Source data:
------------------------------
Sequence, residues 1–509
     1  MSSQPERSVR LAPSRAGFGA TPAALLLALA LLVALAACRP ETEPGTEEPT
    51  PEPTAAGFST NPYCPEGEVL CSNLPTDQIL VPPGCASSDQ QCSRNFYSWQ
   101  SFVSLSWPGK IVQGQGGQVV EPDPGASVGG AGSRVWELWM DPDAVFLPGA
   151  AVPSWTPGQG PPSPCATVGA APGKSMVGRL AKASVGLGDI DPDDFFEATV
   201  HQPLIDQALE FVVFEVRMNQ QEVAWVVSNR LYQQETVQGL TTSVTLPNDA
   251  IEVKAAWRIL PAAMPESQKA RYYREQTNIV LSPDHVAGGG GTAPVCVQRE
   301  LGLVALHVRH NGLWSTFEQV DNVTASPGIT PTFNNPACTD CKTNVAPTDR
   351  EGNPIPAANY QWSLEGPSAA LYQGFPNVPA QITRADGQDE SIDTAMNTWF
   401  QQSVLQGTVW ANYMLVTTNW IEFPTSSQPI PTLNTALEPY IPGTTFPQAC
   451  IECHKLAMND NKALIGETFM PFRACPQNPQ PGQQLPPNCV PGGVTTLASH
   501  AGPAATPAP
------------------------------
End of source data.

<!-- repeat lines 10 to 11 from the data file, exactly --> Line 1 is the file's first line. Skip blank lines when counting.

   401  QQSVLQGTVW ANYMLVTTNW IEFPTSSQPI PTLNTALEPY IPGTTFPQAC
   451  IECHKLAMND NKALIGETFM PFRACPQNPQ PGQQLPPNCV PGGVTTLASH